New Words

n.  an introduction to a book or speech 前言,序
a.  easily deceived or cheated esp. into a false belief; credulous 易受骗的;轻信的

a.  full of superstition; believing in superstitions 迷信的

n.  a tendency to believe to readily 轻信

vt. mention as an example; quote (a passage, book, etc.) 举出;引出

a.  found or distributed over a large area 分布广的;普遍的
vt. put or bring forward; offer 提出

vi. please, attract or interest 投合所好;有感染力;有吸引力

n.  way of thinking, outlook; mental power or capacity 心理,思想;脑力

vt. think, speak or write of as greater than is really so; overstate 夸张;夸大

n.  end, purpose 缘故

n.  a specialist in geography

a.  of, for, by the eyes; based on what has been seen 眼睛的;凭视觉的

a.  of or based on theory

n.  公民;市民

vt. prove (a statement) to be untrue; prove (a person) to be mistaken 驳斥

n.  a long upright pole of wood or metal for carrying flags or sails on a ship 桅杆
n.  a metal chimney for letting out smoke from a steam engine or steamship (蒸汽机,轮船等的)烟囱

a.  that can not be seen

n.  the line where the sky seems to meet the earth or sea 地平线
    phenomenon (pl. phenomena)
n.  现象

vt. bend so as to form a line that has no straight part 使成曲线
n.  a continuously bending line without angles 曲线

vi. result or occur as a consequence, effect, or inference 结果产生;得出

a.  shaped like a ball 球形的

n.& a. (anything which is) egg-shaped 卵形的(东西), 椭圆的(东西)

n.  纸牌

n.  comparison of things that have a certain likeness; similarity 类比; 相似

ad. quickly and willingly 敏捷地;迅速地

    prompt   a.

n.  =celestial body 天体

n.  圆盘

vt. throw or drop; cause (light or shadow) to appear (on) 扔,投; 投射

n.  the total or partial hiding of one celestial body by another (天文学)食

n.  a small book, usu. with a paper cover 小册子

vt. give and receive (one thing in return for another) 交换

n.  王牌

a.  for, belonging to, or connected with a king or queen 皇家的; 王室的

n.  expression in words; a written or spoken declaration, esp. of a formal kind 陈述;声明

n.  (纸牌中的)"A"牌,爱司

vt. tell beforehand; predict 预言

a.   of the sun

    the solar system
    the sun and the planets which revolve round it

vt. give a good reason for; show to be just, right or reasonable 证明……是正当的;为…辩护

n.  an authoritative pronouncement; one's unsupported assertion 权威性声明;无证据的断言

n.,a. (native) of Egypt 埃及人;埃及的

vt. announce or tell beforehand; forecast 预言

ad. with a sudden loud noise; with a sudden impact 砰地

n.  the act or process of navigating 航海

n.  the act of adding, subtracting, multiplying, or dividing to find a result 计算

    calculate  vt.
    calculator  n. 计算器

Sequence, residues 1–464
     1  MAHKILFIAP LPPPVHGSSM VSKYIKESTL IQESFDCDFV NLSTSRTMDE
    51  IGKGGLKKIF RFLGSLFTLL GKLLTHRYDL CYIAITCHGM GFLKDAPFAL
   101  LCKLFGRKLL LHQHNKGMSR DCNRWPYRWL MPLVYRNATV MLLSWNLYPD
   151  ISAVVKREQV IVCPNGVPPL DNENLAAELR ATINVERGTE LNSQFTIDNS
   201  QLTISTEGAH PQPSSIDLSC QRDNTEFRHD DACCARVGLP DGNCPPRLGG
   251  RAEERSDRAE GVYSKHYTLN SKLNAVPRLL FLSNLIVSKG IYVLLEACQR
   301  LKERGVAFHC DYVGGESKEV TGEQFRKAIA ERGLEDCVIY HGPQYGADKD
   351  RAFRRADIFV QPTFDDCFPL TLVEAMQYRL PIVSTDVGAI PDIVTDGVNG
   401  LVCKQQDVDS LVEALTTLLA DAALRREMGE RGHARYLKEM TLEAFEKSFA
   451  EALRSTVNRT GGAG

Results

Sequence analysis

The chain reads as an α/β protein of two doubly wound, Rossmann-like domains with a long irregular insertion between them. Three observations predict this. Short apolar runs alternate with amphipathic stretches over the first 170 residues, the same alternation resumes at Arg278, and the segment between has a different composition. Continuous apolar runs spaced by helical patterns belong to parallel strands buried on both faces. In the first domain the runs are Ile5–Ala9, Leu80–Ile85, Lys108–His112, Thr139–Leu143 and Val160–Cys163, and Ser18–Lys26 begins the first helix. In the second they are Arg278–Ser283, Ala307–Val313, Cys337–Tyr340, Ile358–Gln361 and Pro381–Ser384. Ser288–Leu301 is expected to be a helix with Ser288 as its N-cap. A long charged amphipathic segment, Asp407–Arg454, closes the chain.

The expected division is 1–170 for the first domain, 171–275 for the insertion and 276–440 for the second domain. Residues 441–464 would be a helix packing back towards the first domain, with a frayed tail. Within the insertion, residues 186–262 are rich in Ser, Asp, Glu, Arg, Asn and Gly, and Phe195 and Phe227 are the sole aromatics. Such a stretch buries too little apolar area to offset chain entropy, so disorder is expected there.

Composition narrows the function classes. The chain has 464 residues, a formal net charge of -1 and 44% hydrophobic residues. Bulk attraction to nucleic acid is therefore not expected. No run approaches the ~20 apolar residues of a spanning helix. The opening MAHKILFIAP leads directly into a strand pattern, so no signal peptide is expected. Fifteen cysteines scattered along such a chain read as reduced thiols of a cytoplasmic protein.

n.  sth. of value in bargaining; a return attack, such as a blow in boxing 讨价还价的本钱;回击,反击

a.  insecure; depending upon mere assumption 不安全的;根据不足的,靠不住的

ad. unusually

n.  power to influence; power to give orders and make others obey 权威;权力

n.  an ignorant person 无知的人

vi. wander away; (of thoughts or conversation) move away from the subject 走离;离题

n.  a special field of work or study 专业
vt. indicate the main ideas or facts of
n.  a systematic listing of the important points of a subject 提纲

vt. demand or ask for continuously 催促,逼迫

a.  tending to believe sth. on little evidence, arising from credulity 轻信的

n.  sth. difficult to bear; load 重负;负荷

Phrases & Expressions

  follow up
  pursue or investigate closely; take further action after (sth.) 深入研究或调查;采取进一步行动

  for the sake of
  for the good or advantage of; for the purpose of 为了…的利益;为了

  throw/shed light on
  make clear; explain 使明白,使明朗;解释

  and so forth
  and so on

  as for
  with regard to, concerning 至于
  may well (not)
  be very likely (not) to 完全(不)可能

  bring out
  show; offer to the public 拿出;使显出;推出(新产品等)

  aim at
  have as one's target, objective, etc.

  fall back on
  turn to for support 求助于

  rest on
  depend on, rely on

  stray away from
  wander from; move from 偏离

  start off
  begin; depart

  in a way
  to a certain extent; a little; somewhat 在某种程度上

Proper Names

  Saint Joan   

  Bernard Shaw 

UNIT 10. Why People Work
UNIT 9. Journey West
UNIT 8. The New Caves
UNIT 7. The Luncheon
UNIT 6. How to Mark a Book
UNIT 5. To Lie or Not to Lie--The Doctor's Dilemma
UNIT 4. Jim Thorpe
UNIT 10. The Fantastic Spurt in Technology
UNIT 9. The Death of Hitler
UNIT 8. Daydream a Little
UNIT 7. The Shelter
UNIT 6. A Day's Wait